Buyers benefit from a home warranty because they offer the assurance that repairs to mechanical systems in the home will be covered with only a small out of pocket expense.
Sellers benefit from them because they make the home more attractive to buyers and they are “off the hook” if a large repair is needed. For this purpose, a home warranty might indeed offer just that – peace of mind, and a message that everyone wants this deal to go through.

Here are things to be on the lookout for: Home warranties that are bought by the seller for the term of the listing expire upon the sale of the home, tend to cover fewer systems (often only heating/cooling, some plumbing and electrical). The advantage of these warranties are that if a problem is spotted during the inspection, and that system is covered by the warranty, then the seller can seek to have the problem fixed under the warranty, rather than have to cover the entire cost. A positive factor is that this type of warranty tends to cost less money up front.

Some home warranty policies are transferable and provide coverage up to a year, or a new policy may be offered by the seller to the buyer for the duration of one year after the sale. Buyers should ask about the nature of the warranty, and sellers should do the research to know what they are buying. When purchasing a home warranty there are a variety of options including duration of the plan and what systems are covered.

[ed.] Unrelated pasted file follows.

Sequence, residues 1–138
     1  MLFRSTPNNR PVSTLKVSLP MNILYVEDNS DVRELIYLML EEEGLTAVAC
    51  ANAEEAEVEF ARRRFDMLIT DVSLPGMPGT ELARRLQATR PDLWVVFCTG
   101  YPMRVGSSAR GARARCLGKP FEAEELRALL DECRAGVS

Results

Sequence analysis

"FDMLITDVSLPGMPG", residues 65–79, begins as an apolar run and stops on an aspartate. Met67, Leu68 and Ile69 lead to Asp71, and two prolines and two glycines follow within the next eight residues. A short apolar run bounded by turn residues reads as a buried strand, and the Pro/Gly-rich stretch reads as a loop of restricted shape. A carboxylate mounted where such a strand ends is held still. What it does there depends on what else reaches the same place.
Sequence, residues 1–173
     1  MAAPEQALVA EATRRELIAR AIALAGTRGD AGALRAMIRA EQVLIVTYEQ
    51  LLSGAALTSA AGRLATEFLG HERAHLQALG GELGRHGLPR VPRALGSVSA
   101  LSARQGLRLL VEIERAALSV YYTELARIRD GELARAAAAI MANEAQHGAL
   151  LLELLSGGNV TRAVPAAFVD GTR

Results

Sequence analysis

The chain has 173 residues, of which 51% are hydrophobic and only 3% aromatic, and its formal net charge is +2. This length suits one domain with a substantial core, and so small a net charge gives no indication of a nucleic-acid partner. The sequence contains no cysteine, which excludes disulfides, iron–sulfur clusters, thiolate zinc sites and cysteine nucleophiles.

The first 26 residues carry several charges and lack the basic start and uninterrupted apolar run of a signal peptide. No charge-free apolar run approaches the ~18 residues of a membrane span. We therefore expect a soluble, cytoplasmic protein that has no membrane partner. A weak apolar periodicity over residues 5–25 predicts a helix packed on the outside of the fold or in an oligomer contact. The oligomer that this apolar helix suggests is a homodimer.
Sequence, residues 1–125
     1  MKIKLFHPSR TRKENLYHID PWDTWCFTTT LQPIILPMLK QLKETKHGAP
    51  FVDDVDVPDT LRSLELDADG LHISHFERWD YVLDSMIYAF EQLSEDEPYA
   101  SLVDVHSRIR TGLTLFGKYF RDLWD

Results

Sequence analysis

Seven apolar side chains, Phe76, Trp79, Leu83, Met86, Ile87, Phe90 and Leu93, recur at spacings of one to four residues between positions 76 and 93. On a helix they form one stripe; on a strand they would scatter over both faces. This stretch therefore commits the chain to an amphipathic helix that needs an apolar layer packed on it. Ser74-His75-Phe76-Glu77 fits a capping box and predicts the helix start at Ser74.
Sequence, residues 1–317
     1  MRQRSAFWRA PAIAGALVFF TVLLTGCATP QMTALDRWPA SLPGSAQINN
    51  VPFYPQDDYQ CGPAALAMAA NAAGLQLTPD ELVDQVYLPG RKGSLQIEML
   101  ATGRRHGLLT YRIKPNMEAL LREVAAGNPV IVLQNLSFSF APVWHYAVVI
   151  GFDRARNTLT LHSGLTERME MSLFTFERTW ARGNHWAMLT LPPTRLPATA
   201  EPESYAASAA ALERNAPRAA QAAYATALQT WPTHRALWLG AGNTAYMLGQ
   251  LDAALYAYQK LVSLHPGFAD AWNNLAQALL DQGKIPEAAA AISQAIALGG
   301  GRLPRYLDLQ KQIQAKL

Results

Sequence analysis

Comprehensive plans are more expensive than those that cover only the heating and cooling systems, plumbing and electrical. Hot tubs, pools, and other more elaborate systems or appliances may or may not be covered, so check carefully. Whether or not the appliance is built into the home may also be a key factor.

Generally, these warranties cost $300-$400+ a year, and the current owner of the home would pay a service fee of $50-$75 for a service call. Some companies require the use of certain service providers and will even schedule the calls; others provide a list of providers from which to work. In areas where there are many providers, service might happen in a timely fashion. In more rural areas you may be facing longer wait-times for a service call. When researching the warranty, ask questions about how to schedule service calls and the wait-times in your area.